"I asked you a question." Hank’s tone was heavier, as if he were offended at Hex’s display of bad manners.

"Fine," he finally replied.

"I’m glad you had such a good day," he said in a sugary-sweet voice that screamed danger more than his earlier tone of voice had. "You know what kind of a day I had?"

Hex didn’t answer. He knew he was going to hear about it anyway.

Hank rose unsteadily to his feet and tried to recount his day. "Well, this morning I got up, and…I had breakfast…then I went to work, only they wouldn’t let me in because they said I was fired."

"That’s too bad," the boy said, trying to humor his foster father.

"That’s too bad," he mimicked. "It gets worse, boy…they didn’t give me any final pay. So I get back here, and what do I find?" He shoved a thin white envelope practically up Hex’s nose.

"What’s that?"

"What’s this?" Hank snarled, breathing beery fumes right in Hex’s face. "This is a piece of paper saying I owe six hundred dollars to repair a broken car window."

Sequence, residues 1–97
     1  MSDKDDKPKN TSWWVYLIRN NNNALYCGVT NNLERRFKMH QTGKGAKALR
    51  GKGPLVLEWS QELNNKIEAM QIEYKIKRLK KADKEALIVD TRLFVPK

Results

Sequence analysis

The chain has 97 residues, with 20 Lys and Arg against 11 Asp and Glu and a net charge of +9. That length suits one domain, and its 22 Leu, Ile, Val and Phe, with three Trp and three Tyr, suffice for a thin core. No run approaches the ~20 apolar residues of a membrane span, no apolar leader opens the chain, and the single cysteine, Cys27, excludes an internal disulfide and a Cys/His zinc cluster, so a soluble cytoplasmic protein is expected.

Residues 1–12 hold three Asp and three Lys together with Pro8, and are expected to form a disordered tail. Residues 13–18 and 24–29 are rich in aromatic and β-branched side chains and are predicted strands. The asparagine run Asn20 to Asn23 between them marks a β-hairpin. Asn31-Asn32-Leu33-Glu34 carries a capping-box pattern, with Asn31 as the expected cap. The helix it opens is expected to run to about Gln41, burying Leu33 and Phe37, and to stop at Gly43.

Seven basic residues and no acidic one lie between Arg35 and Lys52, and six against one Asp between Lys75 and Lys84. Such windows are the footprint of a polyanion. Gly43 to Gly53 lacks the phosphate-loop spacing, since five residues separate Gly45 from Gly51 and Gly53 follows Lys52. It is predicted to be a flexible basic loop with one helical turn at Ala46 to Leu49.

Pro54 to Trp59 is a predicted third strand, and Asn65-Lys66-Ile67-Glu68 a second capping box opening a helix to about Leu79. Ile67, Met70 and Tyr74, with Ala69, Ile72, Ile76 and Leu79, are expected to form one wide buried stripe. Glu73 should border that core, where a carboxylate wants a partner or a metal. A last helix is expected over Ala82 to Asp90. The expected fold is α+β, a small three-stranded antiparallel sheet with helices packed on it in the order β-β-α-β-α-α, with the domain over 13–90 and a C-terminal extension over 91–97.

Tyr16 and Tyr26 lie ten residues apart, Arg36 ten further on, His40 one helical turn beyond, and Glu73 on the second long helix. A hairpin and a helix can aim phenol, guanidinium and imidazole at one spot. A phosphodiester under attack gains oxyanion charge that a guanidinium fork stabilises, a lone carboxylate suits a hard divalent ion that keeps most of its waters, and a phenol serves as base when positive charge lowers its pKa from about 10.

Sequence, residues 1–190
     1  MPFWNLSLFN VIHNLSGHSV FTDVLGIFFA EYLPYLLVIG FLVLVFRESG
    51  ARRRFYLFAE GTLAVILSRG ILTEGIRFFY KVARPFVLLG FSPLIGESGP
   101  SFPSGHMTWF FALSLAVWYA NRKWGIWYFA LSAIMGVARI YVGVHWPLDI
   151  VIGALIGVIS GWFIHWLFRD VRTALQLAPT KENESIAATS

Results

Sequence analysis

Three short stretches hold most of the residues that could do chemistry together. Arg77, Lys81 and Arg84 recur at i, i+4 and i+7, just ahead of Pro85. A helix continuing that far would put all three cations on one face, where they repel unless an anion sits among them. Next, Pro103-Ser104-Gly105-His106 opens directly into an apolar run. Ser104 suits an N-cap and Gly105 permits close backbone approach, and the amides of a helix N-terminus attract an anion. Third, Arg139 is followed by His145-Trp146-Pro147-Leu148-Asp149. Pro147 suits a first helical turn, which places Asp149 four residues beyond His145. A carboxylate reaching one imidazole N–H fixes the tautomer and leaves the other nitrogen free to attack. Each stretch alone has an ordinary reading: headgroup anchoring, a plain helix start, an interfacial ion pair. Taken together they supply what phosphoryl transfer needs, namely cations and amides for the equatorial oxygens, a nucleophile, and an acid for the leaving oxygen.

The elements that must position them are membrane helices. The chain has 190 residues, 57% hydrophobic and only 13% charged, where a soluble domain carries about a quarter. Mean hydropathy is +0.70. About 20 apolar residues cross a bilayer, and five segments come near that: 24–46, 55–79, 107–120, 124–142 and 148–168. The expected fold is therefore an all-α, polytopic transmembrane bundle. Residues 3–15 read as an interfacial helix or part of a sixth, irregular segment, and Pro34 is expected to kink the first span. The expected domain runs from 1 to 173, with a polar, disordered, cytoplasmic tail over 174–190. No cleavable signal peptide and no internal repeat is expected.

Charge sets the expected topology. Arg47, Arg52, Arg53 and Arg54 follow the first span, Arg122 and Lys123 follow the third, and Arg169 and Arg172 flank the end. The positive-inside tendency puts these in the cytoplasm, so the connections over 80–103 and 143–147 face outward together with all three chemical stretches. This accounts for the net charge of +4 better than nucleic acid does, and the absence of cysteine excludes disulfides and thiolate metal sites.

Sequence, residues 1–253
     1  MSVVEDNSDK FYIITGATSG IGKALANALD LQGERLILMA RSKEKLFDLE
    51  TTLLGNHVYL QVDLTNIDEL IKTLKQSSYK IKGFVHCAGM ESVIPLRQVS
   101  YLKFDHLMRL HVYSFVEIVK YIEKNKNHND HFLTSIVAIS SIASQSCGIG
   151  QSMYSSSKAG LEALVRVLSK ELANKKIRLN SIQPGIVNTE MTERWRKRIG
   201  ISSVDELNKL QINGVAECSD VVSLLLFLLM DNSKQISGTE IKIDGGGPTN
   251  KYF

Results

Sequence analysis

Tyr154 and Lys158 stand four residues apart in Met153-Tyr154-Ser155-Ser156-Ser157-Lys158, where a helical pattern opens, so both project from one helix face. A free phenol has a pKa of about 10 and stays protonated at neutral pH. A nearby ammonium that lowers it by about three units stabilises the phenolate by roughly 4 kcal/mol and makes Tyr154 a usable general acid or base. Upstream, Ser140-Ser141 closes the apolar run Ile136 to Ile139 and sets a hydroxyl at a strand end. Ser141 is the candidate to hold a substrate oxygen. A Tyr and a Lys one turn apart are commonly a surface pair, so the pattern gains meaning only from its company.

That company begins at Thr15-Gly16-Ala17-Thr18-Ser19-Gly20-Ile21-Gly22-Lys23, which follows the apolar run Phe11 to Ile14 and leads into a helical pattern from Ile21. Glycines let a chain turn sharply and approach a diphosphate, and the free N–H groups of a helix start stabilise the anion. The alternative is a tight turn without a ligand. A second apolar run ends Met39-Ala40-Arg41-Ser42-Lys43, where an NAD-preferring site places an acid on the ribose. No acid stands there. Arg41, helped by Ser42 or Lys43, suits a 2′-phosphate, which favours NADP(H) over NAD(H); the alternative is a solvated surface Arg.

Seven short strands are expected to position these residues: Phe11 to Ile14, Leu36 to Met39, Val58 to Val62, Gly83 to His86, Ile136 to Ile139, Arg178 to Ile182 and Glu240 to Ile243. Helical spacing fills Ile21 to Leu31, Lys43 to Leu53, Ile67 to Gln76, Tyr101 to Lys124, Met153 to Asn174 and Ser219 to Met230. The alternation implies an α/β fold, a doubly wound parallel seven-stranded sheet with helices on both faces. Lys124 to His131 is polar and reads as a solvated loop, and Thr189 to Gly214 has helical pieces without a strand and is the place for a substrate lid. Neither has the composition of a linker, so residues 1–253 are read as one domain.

"I said that was funny, we don’t have a car," his foster father ranted on. "But then I remembered you, boy."

"What? Why me?" Hex asked. "I didn’t break any…" His voice trailed off as he remembered the scene at the drive-in. Breaking up with Cathy…walking out of her car…slamming the door…the alarm shrieking. Had he slammed the door enough to break the window? I couldn’t have! "I didn’t break any car window!" he said.

But Hank was convinced he was guilty. "Don’t lie to me, boy. You’ve gotten in enough trouble in the past. Didn’t I tell you that the last time was to be the last time?"

"I didn’t do it!" Hex cried as his foster father shook him roughly by the shoulders.